Most police departments in the state of Georgia are now using roadblocks. These roadblocks are set up at different times. Most of them are setup between 11 pm at night and at about four o’clock in the morning. They know this is the hour they can expect to find someone out there who’s not coming from church who is coming through the roadblock. They are looking for people who’ve been consuming alcohol. Many of the times they set them up in areas or neighborhoods that they know are major tributaries coming away from bars and restaurants.
They will even set them up sometimes coming away from a venue such as a concert knowing full well you’re going to come down that path. Roadblocks are constitutionally challenged and won more often than not
How to React If Stopped
First of all, you’re not required to answer questions that could incriminate you. Please understand that the officer has a microphone on his or her shirt and is recording this back to a police car in most situations. The officer says, “I smell alcohol, when did you have your last drink?” That is suggesting that he knows you’ve been drinking when really you may not.
The point of it is, is that you do not have to answer questions like that. You can simply remain silent or say, “Well if I’m going to be questioned in a manner that could incriminate me I’d like to call an attorney.” They are not going to let you call an attorney.
If the officer says I need you to get out and do some field evaluations, this is optional. They didn’t use any optional language but it’s optional. You don’t have to do field evaluations. Most people have orthopedic problems or take medications that can affect those readings. Plus the adrenaline flow alone can make you fail those evaluations. Field sobriety tests are subjectively graded. You have to score better than 98% on the walk and turn and one-leg stand tests just to pass it. You couldn’t even do that in school. Do not take field sobriety tests and do not admit anything about the use of alcohol/drugs or anything else and do not agree or consent to a search of your vehicle.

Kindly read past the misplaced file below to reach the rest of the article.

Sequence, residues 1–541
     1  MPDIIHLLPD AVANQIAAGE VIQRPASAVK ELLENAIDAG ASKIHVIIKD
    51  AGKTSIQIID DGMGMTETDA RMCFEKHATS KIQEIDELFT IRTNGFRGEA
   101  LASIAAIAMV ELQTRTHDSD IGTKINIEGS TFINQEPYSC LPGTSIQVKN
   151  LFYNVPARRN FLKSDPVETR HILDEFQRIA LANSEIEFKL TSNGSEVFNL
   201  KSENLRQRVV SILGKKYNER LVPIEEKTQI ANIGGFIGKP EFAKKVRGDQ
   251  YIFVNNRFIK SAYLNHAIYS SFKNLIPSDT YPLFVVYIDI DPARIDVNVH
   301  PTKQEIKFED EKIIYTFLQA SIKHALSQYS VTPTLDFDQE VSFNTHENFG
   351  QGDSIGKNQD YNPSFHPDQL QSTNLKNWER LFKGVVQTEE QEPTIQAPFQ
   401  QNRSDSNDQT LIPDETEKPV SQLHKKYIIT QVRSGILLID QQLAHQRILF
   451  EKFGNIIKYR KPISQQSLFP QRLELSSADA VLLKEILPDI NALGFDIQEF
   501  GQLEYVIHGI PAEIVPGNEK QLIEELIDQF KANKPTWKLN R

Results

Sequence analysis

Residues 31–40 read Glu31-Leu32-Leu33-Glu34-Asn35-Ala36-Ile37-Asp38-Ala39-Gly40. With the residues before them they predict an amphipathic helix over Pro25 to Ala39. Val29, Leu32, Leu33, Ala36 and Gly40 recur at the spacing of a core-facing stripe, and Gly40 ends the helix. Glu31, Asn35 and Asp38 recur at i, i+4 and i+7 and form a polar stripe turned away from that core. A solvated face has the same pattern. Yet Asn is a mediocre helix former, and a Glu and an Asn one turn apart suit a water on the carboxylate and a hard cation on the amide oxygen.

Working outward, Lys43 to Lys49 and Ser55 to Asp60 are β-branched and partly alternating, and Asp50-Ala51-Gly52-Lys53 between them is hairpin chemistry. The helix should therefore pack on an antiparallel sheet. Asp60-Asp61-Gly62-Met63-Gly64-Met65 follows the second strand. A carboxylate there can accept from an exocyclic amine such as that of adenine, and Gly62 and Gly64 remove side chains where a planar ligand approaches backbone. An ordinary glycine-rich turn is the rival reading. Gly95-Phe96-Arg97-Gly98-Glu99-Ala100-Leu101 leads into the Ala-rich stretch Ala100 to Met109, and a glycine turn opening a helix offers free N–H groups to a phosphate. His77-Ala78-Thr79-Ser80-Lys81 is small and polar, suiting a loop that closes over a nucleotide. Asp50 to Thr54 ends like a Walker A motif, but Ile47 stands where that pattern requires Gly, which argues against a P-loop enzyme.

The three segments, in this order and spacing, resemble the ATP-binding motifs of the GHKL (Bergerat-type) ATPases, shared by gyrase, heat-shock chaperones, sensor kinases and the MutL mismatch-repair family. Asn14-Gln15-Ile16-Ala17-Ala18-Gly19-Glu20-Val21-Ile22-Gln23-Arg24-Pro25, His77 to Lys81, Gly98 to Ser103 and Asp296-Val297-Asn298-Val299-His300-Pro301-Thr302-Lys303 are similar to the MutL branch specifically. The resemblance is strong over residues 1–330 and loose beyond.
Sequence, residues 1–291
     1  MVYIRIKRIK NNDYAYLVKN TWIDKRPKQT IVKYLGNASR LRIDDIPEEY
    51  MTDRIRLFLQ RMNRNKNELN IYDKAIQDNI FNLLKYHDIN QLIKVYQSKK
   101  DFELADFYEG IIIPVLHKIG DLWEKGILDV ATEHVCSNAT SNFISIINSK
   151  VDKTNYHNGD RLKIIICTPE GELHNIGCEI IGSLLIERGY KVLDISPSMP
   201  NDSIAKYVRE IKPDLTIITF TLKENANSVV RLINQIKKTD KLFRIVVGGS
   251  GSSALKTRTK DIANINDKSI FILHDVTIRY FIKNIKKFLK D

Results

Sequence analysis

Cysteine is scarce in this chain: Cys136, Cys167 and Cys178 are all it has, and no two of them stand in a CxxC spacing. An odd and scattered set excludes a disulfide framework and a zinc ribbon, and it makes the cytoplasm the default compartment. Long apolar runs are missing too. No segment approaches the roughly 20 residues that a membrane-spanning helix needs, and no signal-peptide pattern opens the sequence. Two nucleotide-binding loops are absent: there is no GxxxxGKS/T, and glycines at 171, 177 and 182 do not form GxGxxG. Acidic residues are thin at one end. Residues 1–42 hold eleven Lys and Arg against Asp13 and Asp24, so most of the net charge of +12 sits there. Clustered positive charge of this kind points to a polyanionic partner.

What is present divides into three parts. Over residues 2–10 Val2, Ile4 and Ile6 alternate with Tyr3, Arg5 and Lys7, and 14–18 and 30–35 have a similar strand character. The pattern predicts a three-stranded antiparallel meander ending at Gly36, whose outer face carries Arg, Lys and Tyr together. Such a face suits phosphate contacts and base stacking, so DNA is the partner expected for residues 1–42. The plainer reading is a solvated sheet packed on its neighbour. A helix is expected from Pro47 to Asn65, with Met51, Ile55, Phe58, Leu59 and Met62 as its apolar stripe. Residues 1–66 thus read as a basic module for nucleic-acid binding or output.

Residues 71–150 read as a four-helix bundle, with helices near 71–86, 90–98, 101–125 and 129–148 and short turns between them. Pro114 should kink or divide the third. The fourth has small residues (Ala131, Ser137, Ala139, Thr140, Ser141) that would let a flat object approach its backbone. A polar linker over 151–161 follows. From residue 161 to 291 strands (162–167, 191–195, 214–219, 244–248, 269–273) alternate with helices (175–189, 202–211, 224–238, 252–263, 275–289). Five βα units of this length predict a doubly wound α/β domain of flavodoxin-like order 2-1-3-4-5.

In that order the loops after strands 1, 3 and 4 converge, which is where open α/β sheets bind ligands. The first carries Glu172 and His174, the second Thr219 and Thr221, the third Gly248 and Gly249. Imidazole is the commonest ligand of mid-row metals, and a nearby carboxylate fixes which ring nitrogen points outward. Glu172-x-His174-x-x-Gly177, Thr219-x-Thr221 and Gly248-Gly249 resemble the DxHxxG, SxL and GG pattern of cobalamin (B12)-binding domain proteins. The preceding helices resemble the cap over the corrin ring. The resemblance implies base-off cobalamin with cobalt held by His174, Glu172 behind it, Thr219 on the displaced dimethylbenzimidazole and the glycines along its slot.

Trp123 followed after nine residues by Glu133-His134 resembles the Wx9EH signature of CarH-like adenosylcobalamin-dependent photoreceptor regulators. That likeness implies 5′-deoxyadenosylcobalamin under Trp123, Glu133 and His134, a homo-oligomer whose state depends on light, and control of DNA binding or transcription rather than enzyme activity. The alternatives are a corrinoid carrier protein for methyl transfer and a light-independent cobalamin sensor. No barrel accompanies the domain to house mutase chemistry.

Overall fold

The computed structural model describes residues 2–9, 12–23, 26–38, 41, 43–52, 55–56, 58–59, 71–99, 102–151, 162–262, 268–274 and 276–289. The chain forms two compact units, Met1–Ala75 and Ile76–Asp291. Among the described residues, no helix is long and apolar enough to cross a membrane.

Building a Defense
A roadblock stop is special because once you get to the roadblock the police officer has seen nothing about your alleged bad driving. Many cases where speeding or weaving or some other traffic offenses involved, that’s one of the main pieces of evidence the officer will use when he goes to court to try to say that you were impaired because you did this or that. At a roadblock, you did nothing but happen to be on the road where the roadblock was established.
If you know the rest of your legal rights, such as not to take field sobriety evaluations, not to admit drinking, not to discuss where you came from or where you’re going, you can usually win those cases.